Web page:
by Debi Bailey and Sean Harris
‘a commitment to protecting children from poverty is… more than a slogan or a routine inclusion in a political manifesto; it is the hallmark of a civilised society’ UNICEF (2012) (p4)
As Alice Gregson remarked in her address to trust leaders at Forum Strategy’s National #TrustLeaders Symposium in June, ‘we are all facing an unprecedented challenge as we navigate how best to support our young people and our local communities in the face of the most serious cost-of-living crisis in decades’. Poverty and disadvantage is arguably the most complex challenge facing us as trust leaders, and this has been amplified by the ongoing impact of the pandemic, and now the cost of living crisis, which shows no signs of abating soon. Supporting disadvantaged children and young people is becoming that much more difficult – and urgent – as growing numbers are pushed into poverty, and those already living in poverty are facing even greater challenges. More families than ever forced to choose between even the most basic of necessities, such as heating and eating (nearly a quarter (23%) of adults reported that it was very difficult or difficult to pay their usual household bills in March 2022). This will no doubt be having a huge impact on children’s lives and readiness to learn and, for this reason, our mission to address educational inequality beyond the classroom is imperative.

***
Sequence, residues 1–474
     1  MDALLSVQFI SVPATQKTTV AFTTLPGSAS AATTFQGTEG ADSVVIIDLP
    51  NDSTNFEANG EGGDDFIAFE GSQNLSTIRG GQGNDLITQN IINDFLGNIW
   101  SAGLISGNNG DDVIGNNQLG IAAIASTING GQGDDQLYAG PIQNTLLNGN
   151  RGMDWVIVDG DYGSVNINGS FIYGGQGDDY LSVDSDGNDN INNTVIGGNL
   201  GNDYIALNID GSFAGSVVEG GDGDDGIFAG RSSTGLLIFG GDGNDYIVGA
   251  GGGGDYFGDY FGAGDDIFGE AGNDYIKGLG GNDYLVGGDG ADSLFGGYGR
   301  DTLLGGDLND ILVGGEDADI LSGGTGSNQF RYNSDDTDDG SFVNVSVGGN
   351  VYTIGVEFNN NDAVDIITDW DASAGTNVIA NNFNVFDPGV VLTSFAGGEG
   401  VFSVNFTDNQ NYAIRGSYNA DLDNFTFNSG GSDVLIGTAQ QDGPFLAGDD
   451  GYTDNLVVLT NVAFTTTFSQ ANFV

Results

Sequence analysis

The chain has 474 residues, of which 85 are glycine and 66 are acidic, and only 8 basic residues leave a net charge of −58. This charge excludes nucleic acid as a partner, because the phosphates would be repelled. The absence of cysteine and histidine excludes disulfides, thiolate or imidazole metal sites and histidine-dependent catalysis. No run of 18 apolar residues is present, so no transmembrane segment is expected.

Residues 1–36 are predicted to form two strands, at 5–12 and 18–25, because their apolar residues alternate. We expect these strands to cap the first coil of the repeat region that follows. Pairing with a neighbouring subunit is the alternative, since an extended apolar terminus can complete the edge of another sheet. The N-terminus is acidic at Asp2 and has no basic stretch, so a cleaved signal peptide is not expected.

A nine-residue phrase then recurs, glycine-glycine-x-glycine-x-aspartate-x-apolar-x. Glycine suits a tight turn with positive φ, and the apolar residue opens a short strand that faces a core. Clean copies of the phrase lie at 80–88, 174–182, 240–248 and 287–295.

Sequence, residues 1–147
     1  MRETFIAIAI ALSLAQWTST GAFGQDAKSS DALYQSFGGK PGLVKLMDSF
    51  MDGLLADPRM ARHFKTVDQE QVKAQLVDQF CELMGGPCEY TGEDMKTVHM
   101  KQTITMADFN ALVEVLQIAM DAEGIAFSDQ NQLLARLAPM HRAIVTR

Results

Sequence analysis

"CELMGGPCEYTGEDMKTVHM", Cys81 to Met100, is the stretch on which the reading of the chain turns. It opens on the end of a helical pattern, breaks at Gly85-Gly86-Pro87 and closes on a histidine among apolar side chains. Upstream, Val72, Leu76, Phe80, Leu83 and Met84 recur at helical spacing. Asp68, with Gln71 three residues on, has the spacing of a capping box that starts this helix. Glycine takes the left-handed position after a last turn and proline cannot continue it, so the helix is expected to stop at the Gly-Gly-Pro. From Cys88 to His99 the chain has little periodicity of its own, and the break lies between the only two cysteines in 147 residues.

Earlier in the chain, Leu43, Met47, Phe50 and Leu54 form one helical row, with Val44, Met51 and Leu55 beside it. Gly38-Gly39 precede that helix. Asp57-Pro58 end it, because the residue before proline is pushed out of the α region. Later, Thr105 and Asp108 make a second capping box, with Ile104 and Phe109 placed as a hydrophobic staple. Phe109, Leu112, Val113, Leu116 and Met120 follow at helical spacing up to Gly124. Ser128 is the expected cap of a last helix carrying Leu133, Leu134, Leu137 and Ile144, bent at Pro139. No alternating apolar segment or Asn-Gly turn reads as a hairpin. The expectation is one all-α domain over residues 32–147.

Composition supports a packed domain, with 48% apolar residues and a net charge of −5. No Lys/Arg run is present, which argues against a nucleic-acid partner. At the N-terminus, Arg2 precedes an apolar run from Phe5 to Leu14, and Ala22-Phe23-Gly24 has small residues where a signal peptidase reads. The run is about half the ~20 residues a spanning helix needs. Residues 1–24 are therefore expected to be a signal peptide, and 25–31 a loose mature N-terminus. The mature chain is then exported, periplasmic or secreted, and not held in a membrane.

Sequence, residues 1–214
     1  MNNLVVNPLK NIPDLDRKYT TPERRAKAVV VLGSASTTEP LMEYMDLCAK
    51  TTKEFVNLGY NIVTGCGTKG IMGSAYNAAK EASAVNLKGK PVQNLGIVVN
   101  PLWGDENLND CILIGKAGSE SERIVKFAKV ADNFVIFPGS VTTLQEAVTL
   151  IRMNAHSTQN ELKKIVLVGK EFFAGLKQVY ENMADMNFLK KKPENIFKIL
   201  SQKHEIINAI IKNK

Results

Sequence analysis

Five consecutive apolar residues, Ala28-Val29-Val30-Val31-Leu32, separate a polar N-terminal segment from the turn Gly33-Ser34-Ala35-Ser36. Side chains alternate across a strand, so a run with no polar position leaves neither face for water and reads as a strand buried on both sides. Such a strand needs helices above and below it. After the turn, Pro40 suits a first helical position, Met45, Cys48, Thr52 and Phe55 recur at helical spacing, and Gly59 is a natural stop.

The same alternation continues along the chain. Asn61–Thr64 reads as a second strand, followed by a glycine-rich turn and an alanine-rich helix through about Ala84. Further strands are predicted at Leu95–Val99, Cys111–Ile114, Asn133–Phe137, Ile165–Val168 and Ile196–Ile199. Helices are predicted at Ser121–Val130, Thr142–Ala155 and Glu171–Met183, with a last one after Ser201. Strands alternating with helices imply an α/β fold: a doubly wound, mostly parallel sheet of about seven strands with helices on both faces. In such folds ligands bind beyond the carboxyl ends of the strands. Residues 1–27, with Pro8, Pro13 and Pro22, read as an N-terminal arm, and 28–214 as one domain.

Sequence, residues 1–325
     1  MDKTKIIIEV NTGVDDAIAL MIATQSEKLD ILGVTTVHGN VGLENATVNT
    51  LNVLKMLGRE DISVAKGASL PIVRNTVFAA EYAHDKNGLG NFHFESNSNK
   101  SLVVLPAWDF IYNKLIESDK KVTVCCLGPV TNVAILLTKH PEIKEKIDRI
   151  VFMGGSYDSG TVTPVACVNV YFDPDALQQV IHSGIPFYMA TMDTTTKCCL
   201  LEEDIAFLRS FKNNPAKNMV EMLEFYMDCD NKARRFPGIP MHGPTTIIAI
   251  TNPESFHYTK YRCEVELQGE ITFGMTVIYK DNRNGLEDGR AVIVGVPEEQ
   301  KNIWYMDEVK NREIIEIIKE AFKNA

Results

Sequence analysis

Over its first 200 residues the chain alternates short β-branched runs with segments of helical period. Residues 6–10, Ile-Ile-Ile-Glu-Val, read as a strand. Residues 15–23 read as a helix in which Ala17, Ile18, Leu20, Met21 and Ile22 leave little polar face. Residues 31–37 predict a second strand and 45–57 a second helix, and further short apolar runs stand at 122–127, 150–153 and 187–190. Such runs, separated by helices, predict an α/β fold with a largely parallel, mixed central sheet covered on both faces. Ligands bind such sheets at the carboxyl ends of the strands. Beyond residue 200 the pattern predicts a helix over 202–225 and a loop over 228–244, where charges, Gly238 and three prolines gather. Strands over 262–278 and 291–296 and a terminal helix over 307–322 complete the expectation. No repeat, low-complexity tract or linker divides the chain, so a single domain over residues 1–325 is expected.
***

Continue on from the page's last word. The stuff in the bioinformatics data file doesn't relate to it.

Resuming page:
Forming a cohesive definition and understanding of what we mean by disadvantage in our trust communities is not easy, but it needs to be wrestled with in our leadership teams. Defining what disadvantage is and what it looks like in our specific context (e.g. doorstep disadvantage) is essential if we are then identifying the mechanics by which to address it.
Ridge (2009), amongst other commentators, provides an understanding of poverty in the lived experience of school-aged children, arguing that ‘poverty can permeate every level and aspect of children’s lives confronting and constraining them in a multitude of different ways’ (p22). She argues, ‘they are children who have the same social and cultural expectations as other children, and are driven by the same social imperatives. They want and need to ‘fit in’ and ‘join in’ with other children’ (p22).
“Poverty and disadvantage is arguably the most complex challenge facing us as trust leaders, and this has been amplified by the ongoing impact of the pandemic, and now the cost of living crisis”
At times, our sector has been led by attempting to define and frame disadvantage in terms of policy. For example, the pupil premium (PP) has been used as a proxy to indicate the number of children that are identified as disadvantaged. Whilst the PP is a starting point of understanding some of the overall disadvantage agenda, it should not be used in isolation of other important data or measures used to identify those that are most disadvantaged.